The vast majority of anime are at least partially set in Japanese high schools... but the depictions aren't always accurate. How do anime high schools compare to the real thing?
There's no single answer to that question because each school makes its own rules. However, there are some broad trends. Japanese schools can be incredibly strict, prohibiting their students from having hair that isn't black to going to karaoke or arcades outside of school. They tend to be deeply involved in students' personal lives, beyond what is depicted in anime where authority figures often don't exist. Events like the culture festival do exist and are often just as important in real life as they are in anime - though they'll rarely be as risque as some anime festivals are.
There are plenty more ways that anime depictions of school life don't exactly align with the real world, so let's learn about it.
One thing that often doesn't come up in anime are the strict rules about transportation. Students are often banned from driving to school. Instead, they have to walk, bike, or take public transportation. While taking public transportation, they are often required to stand, in order to leave seats open for elderly or disabled people - no word on what is expected from disabled students.
Students also must arrive alone or with other students - they are not to be dropped off by parents, relatives, or friends who don't attend the school. This is in the name of public safety.
This kind of thing often doesn't come up in anime, since character's relationships with their classmates are usually considered more important than parental ones, and there's nothing unusual about walking to school or taking public transportation. Still, some of these prohibitions may come as a surprise.
One of the strangest aspects of high school life in anime is a large number of students who live by themselves. Unlike in America, this can happen without child protective services getting involved, but it's not nearly as common as anime makes it seem. In real life, on the rare occasion that it does occur, it's because a student got into a prestigious high school that's far from home and doesn't offer housing. In that case, parents with the means to do so may rent out an apartment for their child.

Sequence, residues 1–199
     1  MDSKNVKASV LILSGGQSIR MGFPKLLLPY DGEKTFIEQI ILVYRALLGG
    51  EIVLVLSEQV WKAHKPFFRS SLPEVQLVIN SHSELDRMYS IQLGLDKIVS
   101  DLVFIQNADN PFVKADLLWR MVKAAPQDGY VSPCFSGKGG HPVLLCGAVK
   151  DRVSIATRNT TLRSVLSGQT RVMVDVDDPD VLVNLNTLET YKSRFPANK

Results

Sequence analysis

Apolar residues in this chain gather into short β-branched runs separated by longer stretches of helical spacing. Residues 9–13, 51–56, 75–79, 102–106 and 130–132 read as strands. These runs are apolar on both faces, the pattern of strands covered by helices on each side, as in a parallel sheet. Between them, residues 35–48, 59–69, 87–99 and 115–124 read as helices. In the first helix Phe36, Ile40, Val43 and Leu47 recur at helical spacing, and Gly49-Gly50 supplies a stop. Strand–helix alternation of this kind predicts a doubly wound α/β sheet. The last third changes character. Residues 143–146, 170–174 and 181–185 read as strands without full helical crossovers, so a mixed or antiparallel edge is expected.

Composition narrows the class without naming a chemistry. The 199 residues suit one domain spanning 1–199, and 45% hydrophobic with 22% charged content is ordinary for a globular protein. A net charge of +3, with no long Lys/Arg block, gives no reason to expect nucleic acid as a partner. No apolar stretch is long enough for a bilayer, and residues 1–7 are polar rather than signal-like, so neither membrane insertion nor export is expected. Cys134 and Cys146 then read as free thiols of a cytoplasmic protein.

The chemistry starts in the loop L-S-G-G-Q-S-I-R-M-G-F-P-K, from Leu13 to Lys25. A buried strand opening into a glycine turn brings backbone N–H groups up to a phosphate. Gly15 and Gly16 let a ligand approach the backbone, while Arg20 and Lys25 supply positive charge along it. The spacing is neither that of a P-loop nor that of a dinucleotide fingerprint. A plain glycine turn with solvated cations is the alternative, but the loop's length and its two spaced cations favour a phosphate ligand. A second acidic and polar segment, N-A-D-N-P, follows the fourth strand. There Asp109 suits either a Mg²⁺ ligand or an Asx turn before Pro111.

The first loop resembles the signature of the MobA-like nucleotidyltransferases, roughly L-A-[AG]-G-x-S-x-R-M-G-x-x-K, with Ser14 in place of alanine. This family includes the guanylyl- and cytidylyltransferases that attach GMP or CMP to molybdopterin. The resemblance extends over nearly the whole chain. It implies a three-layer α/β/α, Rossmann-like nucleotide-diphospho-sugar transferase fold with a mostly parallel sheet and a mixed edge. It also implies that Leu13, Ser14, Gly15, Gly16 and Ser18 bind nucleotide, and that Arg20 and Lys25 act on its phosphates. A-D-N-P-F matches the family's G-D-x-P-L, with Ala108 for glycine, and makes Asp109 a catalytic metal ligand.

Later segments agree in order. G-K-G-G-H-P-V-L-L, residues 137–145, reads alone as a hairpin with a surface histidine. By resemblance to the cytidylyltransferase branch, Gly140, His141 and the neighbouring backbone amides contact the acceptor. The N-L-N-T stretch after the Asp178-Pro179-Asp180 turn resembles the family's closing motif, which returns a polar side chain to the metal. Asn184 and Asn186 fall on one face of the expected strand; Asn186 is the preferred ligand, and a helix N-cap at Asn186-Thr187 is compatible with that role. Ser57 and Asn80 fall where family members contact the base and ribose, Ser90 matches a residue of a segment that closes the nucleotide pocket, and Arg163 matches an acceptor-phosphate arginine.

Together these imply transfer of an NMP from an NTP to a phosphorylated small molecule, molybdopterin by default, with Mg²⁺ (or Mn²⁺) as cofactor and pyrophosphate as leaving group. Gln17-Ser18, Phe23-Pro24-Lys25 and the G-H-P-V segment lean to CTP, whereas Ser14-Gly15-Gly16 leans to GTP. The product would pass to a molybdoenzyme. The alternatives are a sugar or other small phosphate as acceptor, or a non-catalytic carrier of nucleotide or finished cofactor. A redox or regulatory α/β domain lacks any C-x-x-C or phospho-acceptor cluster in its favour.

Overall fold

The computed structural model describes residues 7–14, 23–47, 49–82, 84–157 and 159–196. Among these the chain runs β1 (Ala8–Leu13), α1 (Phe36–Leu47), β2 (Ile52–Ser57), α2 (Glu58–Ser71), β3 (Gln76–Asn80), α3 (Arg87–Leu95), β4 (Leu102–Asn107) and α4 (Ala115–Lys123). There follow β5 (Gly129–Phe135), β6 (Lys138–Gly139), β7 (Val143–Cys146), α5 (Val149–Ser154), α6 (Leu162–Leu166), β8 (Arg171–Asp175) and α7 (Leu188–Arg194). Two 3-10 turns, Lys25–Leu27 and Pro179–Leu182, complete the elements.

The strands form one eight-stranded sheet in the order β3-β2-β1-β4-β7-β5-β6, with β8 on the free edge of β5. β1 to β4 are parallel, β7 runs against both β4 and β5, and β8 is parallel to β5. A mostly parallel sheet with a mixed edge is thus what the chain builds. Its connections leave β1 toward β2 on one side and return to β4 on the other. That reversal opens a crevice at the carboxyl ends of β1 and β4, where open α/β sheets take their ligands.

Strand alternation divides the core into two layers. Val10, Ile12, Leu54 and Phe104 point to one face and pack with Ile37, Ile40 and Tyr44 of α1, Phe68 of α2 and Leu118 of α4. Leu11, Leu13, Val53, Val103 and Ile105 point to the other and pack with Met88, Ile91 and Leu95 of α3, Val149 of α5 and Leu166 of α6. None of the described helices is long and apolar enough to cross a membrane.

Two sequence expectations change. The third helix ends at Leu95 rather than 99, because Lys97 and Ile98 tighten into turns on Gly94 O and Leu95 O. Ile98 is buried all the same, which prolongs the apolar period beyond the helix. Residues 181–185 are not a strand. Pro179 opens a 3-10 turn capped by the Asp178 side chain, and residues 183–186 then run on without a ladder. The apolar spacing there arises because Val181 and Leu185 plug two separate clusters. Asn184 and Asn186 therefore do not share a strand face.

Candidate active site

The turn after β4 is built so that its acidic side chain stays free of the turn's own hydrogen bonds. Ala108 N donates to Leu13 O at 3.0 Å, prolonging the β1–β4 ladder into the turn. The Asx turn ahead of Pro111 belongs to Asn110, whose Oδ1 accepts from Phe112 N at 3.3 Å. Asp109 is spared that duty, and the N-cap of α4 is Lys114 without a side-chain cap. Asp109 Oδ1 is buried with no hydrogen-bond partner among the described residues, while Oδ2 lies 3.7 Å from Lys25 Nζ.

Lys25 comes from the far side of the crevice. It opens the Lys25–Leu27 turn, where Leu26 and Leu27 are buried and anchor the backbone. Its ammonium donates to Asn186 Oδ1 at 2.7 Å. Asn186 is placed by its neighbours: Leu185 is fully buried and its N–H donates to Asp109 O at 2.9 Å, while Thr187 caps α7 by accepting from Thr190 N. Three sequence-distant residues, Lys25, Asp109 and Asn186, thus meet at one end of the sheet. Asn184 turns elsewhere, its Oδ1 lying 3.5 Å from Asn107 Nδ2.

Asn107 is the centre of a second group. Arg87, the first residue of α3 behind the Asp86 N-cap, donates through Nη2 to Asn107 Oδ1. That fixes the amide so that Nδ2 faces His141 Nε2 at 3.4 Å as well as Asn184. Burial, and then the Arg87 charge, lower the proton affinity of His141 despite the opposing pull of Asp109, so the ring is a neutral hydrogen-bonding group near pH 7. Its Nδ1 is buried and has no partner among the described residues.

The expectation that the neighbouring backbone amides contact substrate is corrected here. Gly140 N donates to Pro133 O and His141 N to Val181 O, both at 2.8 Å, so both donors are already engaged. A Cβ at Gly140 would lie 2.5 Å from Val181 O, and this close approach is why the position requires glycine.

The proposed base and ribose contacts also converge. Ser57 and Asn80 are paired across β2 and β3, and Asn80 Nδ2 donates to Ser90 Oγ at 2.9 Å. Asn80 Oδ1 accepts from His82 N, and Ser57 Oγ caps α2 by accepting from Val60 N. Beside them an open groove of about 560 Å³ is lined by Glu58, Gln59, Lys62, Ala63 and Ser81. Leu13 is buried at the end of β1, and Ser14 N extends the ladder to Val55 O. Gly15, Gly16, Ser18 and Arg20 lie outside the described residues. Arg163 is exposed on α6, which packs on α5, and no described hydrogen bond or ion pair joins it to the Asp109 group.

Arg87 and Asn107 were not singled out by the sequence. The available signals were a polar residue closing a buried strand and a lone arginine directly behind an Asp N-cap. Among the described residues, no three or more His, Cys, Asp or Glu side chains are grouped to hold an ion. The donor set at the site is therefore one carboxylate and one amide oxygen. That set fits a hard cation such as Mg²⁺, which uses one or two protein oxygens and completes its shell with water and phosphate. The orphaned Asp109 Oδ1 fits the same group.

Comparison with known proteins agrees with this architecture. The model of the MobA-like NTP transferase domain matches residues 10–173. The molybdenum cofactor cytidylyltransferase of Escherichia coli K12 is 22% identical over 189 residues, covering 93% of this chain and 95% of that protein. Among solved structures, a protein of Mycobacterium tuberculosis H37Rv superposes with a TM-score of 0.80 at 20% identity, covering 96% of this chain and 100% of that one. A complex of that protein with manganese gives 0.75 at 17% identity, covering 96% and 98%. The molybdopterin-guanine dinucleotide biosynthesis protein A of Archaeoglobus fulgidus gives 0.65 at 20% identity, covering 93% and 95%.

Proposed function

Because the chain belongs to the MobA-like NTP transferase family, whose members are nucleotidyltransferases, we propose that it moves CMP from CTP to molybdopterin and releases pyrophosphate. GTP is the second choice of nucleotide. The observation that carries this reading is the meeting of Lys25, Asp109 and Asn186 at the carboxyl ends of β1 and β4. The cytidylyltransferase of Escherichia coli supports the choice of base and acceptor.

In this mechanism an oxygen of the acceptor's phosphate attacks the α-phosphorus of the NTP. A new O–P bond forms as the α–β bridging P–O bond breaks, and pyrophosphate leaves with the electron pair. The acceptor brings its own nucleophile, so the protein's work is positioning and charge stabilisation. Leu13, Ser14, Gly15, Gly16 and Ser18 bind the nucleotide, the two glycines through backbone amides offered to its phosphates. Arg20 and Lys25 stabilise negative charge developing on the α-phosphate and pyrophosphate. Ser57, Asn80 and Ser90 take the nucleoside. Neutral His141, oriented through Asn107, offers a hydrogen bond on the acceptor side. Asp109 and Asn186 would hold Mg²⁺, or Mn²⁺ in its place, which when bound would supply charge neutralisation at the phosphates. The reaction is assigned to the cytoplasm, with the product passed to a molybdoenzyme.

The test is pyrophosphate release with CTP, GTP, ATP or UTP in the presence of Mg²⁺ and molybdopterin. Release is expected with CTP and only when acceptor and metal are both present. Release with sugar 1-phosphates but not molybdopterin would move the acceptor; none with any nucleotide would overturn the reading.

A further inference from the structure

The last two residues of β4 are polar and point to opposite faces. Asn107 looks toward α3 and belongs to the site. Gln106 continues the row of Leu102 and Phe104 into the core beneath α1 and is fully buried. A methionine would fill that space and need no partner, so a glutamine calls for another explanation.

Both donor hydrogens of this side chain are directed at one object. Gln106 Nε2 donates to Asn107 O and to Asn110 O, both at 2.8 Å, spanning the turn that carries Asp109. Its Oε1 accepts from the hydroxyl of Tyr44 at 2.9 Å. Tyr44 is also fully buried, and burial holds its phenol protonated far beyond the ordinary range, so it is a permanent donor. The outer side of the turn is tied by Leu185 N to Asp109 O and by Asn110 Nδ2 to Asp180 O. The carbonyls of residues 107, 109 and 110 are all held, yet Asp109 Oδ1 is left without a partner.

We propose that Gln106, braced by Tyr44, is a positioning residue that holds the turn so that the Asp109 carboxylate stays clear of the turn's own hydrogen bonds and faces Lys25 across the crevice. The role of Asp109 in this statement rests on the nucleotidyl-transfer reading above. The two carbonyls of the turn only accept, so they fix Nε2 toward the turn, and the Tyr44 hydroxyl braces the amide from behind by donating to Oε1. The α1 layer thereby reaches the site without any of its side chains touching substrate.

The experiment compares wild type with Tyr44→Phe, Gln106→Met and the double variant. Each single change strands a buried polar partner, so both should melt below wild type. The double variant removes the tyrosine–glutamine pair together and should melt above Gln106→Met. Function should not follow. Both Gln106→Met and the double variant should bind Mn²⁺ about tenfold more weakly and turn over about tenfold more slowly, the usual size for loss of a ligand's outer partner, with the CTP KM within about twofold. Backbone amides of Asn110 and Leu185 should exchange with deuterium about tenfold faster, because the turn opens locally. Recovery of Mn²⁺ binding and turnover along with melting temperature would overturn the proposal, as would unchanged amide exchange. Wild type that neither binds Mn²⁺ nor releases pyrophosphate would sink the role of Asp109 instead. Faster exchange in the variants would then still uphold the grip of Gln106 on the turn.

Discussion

However, this is not only unaffordable for many parents, but also undesirable. Just like parents anywhere, Japanese parents want to make sure that their underage children are properly cared for. Even those who allow it may insist that their kids come home on weekends, or at least check in regularly.
In anime, students often aren't allowed to have part-time jobs outside of school and can be severely punished if they do. That's why Anzu from Yu-Gi-Oh! was once successfully blackmailed by someone who took a photograph of her working at a fast food restaurant - if her school found out, she'd be toast. This is actually reflective of reality. While each school sets its own rules, many schools do choose to ban students from working on the grounds that they want them to focus on their studies and on school clubs.
In anime, students are almost always seen wearing their school uniforms. In reality, most schools do require a uniform of some kind. However, these uniforms tend to be plainer than what appears in anime. It's unlikely that a real Japanese student would have a uniform with a pastel pink mini skirt - rather, it would be a longer skirt in a more conservative color, like navy or beige. The range of uniform styles isn't quite as wide as it is in anime either - most schools stick to a few basic designs, including blazers with pants or a skirt, sailor uniforms, or the gakuran - an all-black uniform with a high neck and gold buttons.
However, not all schools require uniforms. Some allow students to wear street clothes, or to construct their own uniforms from popular uniform supply companies. In a school like this, there might be clothing trends, but no two students will be dressed exactly the same.